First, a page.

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Toxicological information

Dermal absorption

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Administrative data

Endpoint:
dermal absorption in vitro / ex vivo
Type of information:
migrated information: read-across from supporting substance (structural analogue or surrogate)
Adequacy of study:
supporting study
Study period:
1994
Reliability:
2 (reliable with restrictions)
Rationale for reliability incl. deficiencies:
other: Study well documented, meets generally accepted scientific principles, acceptable for assessment
Cross-referenceopen allclose all
Reason / purpose:
reference to same study
Reason / purpose:
reference to other study

Data source

Reference
Reference Type:
publication
Title:
Unnamed
Year:
1994

Materials and methods

Principles of method if other than guideline:
In Vitro percutaneous absorption study was conducted to determine the dermal absorption of sodium arsenate (73As) in various donor vehicles (aqueous and solid) on the skin surface of female B6C3F1 mice under various conditions of exposure. Doses of 5, 50, 500 or 5000 ng were applied to the skin surface (area = 0.64 cm2) as the solid compound, in aqueous vehicle (100 and 250 µL) or in soil (23 mg/cm2). This experiment was conducted for 24 hours using previously clipped full-thickness dorsal skin in a flow-through system with HEPES-buffered Hanks' balanced salt solution as the receptor fluid. Dermal absorption was quantified by summing the amounts of arsenate-derived radioactivity using a gamma counter in the receptor fluid and skin following washing of the skin surface to remove unpenetrated compound.
GLP compliance:
not specified

Test material

Reference
Name:
Unnamed
Type:
Constituent
Details on test material:
- Name of test material (as cited in study report): Sodium arsenate (73As)
- Source: Los Alamos National Laboratory, USA
- Radiochemical purity (if radiolabelling): >99%
Radiolabelling:
yes

Test animals

Species:
mouse
Strain:
B6C3F1
Sex:
female

Administration / exposure

Vehicle:
water
Duration of exposure:
- 24 hours exposure for 5, 50, 500 or 5000 ng sodium arsenate (all vehicles)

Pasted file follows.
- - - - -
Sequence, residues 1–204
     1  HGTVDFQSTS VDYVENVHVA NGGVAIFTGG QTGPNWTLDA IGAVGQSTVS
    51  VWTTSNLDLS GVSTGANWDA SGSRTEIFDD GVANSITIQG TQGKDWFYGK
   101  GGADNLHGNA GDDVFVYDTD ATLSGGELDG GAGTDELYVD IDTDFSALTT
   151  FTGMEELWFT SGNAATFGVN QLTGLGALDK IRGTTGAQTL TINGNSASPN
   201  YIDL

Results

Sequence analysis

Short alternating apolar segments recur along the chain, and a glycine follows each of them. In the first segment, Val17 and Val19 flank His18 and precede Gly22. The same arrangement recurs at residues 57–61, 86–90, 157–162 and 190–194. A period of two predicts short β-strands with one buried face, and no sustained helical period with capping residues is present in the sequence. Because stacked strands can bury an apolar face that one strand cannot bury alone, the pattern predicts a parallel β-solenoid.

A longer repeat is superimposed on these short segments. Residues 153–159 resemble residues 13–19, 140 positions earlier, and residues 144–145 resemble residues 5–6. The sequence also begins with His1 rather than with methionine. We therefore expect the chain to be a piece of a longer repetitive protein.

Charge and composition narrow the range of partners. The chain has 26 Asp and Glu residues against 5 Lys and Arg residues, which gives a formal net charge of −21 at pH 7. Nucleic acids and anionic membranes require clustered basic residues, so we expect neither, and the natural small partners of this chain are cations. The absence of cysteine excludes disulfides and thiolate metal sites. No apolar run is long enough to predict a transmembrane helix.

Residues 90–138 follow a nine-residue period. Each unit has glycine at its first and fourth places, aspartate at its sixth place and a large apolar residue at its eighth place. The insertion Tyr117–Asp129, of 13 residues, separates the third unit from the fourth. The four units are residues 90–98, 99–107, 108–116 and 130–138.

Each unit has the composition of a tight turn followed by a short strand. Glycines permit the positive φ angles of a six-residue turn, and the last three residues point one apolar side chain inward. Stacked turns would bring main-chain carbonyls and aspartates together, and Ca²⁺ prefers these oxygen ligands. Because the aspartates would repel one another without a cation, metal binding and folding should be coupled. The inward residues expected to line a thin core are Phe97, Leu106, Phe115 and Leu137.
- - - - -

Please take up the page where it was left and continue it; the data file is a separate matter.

- 1 hour exposure for 50 ng sodium arsenate (100 µL aqueous vehicle)
- 1 hour exposure for 50 ng sodium arsenate (100 µL aqueous vehicle) and receptor fluid perfused for additional 23 hours
Doses:
5, 50, 500 or 5000 ng
No. of animals per group:
Not applicable

Results and discussion

Percutaneous absorptionopen allclose all
Dose:
100 µL aqueous vehicle
Parameter:
percentage
Absorption:
62 %
Remarks on result:
other: 24 hours
Remarks:
maximum absorption (62% of the applied dose) was obtained from 100 µL aqueous vehicle and skin contained a higher level of the compound than the receptor fluid.
Dose:
Solid vehicle
Parameter:
percentage
Absorption:
< 0.3 %
Remarks on result:
other: 24 hours
Remarks:
Solid provided the least (<0.3% of the applied dose) absorption of the chemical, with the major portion (68%) of the absorbed dose residing within the skin
Conversion factor human vs. animal skin:
None

Any other information on results incl. tables

- Absorption of sodium arsenate increased linearly in all exposure vehicles, with a constant fraction of the dose being absorbed.

- In aqueous vehicle (100 µL), maximum absorption (62% of the applied dose) was obtained and the skin contained a higher level of the compound than the receptor fluid.
- Solid provided the least (<0.3% of the applied dose) absorption of the chemical, with the major portion (68%) of the absorbed dose residing within the skin

- Skin compartment contained higher percentages of the permeated dose than the receptor fluid in all cases with the highest value (> 89% of permeated dose) was obtained with 250 µL aqueous vehicle

- Short term (1 hour) dermal exposure to arsenate in water resulted in the passage of the chemical into the skin, which on further perfusion (23 hours) passed into receptor fluid

Table 1:Maximum permeation rates of sodium arsenate through mouse skin from different exposure vehicles

 

Vehicle

Applied dose (ng)

Permeation rate*

Water (100 µL)

5

10.1 (4.8)

50

9.1 (5.5)

500

11.5 (2.7)

Water (250 µL)

5

0.9 (0.3)

50

1.0 (0.1)

500

1.9 (0.8)

Solid

5

4.9 (3.6)

50

5.5 (2.7)

500

5.5 (2.9)

Percentage of applied dose/4 hours.

Values are mean ± SD of atleast five determinations

Applicant's summary and conclusion

Conclusions:
Under the test conditions, in vitro dermal absorption of sodium arsenate is greater in aqueous vehicle than soil in skin of B6C3F1mice
Executive summary:

In vitro percutaneous absorption study was conducted to determine the dermal absorption of sodium arsenate (73As) in various donor vehicles (aqueous and solid) on the skin surface of female B6C3F1 mice under various conditions of exposure. Doses of 5, 50, 500 or 5000 ng were applied to the skin surface (area = 0.64 cm2) as the solid compound, in aqueous vehicle (100 and 250 µL) or in soil (23 mg/cm2). This experiment was conducted for 24 hours using previously clipped full-thickness dorsal skin in a flow-through system with HEPES-buffered Hanks' balanced salt solution as the receptor fluid. Dermal absorption was quantified by summing the amounts of arsenate-derived radioactivity using a gamma counter in the receptor fluid and skin following washing of the skin surface to remove unpenetrated compound.

Absorption of sodium arsenate increased linearly in all exposure vehicles, with a constant fraction of the dose being absorbed. In 100 µL aqueous vehicle, maximum absorption (62% of the applied dose) was obtained and the skin contained a higher level of the compound than the receptor fluid. While, solid provided the least (<0.3% of the applied dose) absorption and the major portion (68%) of the absorbed dose residing within the skin.

 

Under the test conditions, In Vitro dermal absorption of sodium arsenate is greater in aqueous vehicle than soil in skin of B6C3F1mice